Early Signs of Carpenter Ant Infestation

How to Spot Early Signs of a Carpenter Ant Infestation

Carpenter ants might often be considered a spring and summer pest but they can start showing up as early as late January in this part of the country.  All it takes is just a few consecutive sunny days and temperatures can warm up enough to create some activity.

When carpenter ants do appear so early it is usually sporadic.


You may not necessarily see constant activity but rather, you may see a few on one day and a few on another.  Nonetheless, just because they appear to go away for a while doesn’t mean that they are gone but rather that they are just not currently visible. During periods when they are not active and visible they generally are tending to their nest.  This is actually like humans – when it is sunny and dry you may paint the outside of your house and when it is cold and rainy, you may paint an interior room.  Such non-visible activities may include making sure that the colonies pupa are stored well where they will continue to grow and be ready to help the colony eventually damage your home!

Regular presence of carpenter ants won’t start to occur until the average daily temperatures begin to rise above 45 to 50 degrees. However, keep in mind that just because you might not see them for a while does not mean that they are not still there and causing damage.  Therefore, take the gift of having seen some as a good early sign and opportunity to address problem properly.

Backing up for a brief moment, let’s look at some causes as to why some carpenter ant activity previously unseen may suddenly be visible. It is important to realize that the odds are that at the time of first seeing them the ants usually have been there for at least a year or more. Sometimes yard work in winter or early spring can be the catalyst for causing the appearance. While IPM (Integrated Pest Management) recommends the removal of branches and foliage that come in contact with the structure as an integral part of the preventative process, doing it at the wrong time can exaggerate the problem.

Branch removal that is done during winter or very early spring can confuse the colony and cause branching out of a sub colony.  If the colony had been relying on the contacting branches as a pathway, the ants will not have access to their previous route to get outside. Because of this, they can possibly spread out to other areas in the structure looking for other perimeter openings for exterior access.  This really acts as a double-edged sword; on the positive side, it might alert you to a colony infestation that you were otherwise unaware of; on the negative side, the problem now may be spreading and on route to getting worse unless fast action is taken.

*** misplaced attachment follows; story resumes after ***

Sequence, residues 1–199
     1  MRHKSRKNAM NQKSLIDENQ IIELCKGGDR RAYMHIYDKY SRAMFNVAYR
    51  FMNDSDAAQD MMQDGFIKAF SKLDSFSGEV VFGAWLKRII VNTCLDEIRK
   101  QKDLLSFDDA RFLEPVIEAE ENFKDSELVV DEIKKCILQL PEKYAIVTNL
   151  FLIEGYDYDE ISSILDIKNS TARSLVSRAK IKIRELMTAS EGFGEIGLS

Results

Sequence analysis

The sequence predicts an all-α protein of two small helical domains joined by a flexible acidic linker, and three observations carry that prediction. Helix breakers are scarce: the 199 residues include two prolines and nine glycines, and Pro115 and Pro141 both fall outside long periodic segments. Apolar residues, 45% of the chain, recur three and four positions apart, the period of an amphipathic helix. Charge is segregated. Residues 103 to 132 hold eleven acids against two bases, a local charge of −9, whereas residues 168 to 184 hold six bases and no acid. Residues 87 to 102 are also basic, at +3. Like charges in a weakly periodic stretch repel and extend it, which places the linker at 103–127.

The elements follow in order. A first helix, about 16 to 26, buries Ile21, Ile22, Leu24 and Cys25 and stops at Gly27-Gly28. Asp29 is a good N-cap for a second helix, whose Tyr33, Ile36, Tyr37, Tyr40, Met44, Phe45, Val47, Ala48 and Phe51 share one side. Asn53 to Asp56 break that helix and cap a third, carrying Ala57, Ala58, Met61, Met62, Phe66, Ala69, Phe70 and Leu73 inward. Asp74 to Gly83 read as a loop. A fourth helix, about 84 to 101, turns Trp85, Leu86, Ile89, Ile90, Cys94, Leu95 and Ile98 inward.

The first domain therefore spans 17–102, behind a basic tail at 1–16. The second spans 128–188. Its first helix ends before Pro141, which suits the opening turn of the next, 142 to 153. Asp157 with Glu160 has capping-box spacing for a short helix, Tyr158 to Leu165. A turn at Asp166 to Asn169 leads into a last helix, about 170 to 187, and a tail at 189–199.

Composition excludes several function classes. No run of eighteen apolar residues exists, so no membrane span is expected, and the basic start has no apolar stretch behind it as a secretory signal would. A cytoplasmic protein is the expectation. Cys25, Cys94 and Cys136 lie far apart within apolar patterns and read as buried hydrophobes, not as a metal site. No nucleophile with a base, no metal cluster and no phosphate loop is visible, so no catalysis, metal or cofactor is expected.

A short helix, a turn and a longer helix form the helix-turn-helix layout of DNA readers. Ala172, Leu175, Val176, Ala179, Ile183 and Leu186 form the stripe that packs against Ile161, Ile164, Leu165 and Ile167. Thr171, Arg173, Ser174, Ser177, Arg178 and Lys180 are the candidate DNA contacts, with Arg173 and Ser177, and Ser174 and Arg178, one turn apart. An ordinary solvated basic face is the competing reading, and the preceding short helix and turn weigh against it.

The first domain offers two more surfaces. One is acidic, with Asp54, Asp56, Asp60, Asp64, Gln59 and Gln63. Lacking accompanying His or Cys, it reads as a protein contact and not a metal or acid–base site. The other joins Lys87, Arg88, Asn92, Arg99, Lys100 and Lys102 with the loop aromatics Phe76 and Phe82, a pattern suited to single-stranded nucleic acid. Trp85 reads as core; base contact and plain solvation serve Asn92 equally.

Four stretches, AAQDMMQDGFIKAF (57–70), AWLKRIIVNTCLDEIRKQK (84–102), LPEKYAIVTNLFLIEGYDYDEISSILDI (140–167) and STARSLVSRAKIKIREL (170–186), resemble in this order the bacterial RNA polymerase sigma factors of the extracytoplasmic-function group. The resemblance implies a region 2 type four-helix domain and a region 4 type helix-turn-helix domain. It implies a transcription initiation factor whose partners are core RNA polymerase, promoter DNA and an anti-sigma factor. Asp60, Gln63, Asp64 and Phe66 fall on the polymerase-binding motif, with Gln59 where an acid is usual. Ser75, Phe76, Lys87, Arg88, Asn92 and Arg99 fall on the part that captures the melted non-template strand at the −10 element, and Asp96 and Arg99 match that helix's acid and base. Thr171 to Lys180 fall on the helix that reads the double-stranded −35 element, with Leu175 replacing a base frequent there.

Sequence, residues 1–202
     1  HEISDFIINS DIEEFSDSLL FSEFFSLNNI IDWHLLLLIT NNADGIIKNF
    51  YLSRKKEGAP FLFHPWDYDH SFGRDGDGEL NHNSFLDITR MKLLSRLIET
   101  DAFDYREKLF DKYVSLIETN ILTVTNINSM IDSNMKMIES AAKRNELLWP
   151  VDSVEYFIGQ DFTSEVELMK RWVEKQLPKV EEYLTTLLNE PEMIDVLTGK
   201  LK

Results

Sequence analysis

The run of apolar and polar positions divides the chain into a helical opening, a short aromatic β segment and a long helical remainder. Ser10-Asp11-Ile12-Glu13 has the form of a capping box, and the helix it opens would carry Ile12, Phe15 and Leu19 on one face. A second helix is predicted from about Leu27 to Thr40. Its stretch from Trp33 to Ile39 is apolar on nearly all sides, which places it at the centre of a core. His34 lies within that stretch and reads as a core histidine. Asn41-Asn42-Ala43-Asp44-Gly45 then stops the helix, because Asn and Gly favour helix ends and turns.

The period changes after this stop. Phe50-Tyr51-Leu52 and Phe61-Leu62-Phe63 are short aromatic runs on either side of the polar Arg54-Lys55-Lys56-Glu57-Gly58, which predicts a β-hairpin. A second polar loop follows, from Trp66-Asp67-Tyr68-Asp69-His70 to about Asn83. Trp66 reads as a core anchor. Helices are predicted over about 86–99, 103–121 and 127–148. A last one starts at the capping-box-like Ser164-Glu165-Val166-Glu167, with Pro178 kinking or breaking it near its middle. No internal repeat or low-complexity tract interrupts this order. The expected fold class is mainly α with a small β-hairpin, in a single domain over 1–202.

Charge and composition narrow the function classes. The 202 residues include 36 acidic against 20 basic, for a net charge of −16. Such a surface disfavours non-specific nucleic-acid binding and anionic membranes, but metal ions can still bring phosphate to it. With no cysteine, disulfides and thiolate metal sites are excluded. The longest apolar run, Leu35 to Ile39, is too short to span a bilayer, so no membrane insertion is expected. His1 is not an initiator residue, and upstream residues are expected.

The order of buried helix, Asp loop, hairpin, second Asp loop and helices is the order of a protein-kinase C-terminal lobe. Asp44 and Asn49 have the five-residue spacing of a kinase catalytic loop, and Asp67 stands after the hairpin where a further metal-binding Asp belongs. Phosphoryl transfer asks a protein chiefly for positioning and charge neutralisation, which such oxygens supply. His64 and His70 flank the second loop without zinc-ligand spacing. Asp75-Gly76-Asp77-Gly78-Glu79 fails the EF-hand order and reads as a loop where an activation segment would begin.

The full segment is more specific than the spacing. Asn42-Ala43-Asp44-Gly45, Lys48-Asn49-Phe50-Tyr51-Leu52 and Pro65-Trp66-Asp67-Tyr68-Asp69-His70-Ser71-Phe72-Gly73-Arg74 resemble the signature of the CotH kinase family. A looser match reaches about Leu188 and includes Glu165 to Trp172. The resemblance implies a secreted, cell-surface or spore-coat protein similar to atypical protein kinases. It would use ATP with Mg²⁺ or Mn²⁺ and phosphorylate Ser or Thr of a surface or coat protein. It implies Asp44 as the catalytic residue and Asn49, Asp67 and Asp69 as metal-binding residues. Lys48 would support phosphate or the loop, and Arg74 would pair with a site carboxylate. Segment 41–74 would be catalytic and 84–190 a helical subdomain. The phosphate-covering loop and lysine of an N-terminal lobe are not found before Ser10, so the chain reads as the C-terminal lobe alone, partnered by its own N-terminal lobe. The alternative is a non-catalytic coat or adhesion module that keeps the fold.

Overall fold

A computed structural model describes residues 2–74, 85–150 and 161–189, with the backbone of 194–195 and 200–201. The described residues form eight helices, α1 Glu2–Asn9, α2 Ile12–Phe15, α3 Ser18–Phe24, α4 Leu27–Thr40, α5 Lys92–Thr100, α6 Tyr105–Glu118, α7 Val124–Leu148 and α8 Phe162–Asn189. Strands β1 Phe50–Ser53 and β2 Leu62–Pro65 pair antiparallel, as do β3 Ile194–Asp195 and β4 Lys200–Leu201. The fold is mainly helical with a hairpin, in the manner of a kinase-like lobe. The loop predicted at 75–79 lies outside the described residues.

Avoiding kneejerk attempts to perform your own pest control with the first chemical you find in your cupboard.  Without getting an inspection by a professional or you easily could make problem worst.

Next, realize that carpenter ants are a normal, consistent part of the environment in many parts of country. Don’t always assume you have problem if you see one in yard (as opposed to at your foundation or inside) as that might be normal and expected for the environment surrounding your structure.  As with many creatures they are consistent; you will see then in the same area over and over again.  Applying treatments when not needed is something to be avoided and it most usually is done as a result of either misdiagnosis or lack of familiarity with the cause of the problem.

Since a carpenter ant infestation almost always start as a shoot off from another larger, establish colony, they likely will be travelling outside on a daily basis.  The purpose of the travel is to communicate with that original colony and to forage for food source (commonly other insects.)  Given that you can count on this behavior, pest control providers often are able to use this information to limit treatment to the exterior perimeter of structure and avoid interior treatment.

Carpenter ants are typically territorial.

They usually will have a smaller nest colony population than other common types of ants such as odorous house ants.  This small colony can still cause huge amounts of damage, however.  Carpenters will forage up to 100 yards away from their nest and protect that territory from other colonies (excluding the colony of original origin.)  This means that very likely only one related colony is occupying the structure (even if that specific “extended family” has multiple nests.)

A false sense of security can be derived from a nest that is only partially killed.  Since there is no consistent way of verifying, the colony will become virtually non-visible and won’t show back up again until it has regenerated itself.  It can take months to tell for certain whether a problem is fully eradicated. For this reason, opting for continued periodic service treatment is much wiser plan of attack than a one-time treatment.  Also, money spent on a more thorough treatment process will often pay for itself in as little as 6 months or a year.  Keep in mind the goal of successful carpenter ant extermination; to increase the likelihood of a more through colony kill and then start practicing preventative integrated pest management practices.

This is a lot of information but hopefully it helps you understand your ant problem better.  We find that our happiest customers are those who also have a good understanding of the true nature of the problem.  We would love for you to become one of those happy customers – give us a call today!  503-968-5950.

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This entry was posted on Thursday, January 19th, 2012 at 2:02 pm and is filed under Ant Control, Integrated Pest Management . You can follow any responses to this entry through the RSS 2.0 feed. Both comments and pings are currently closed.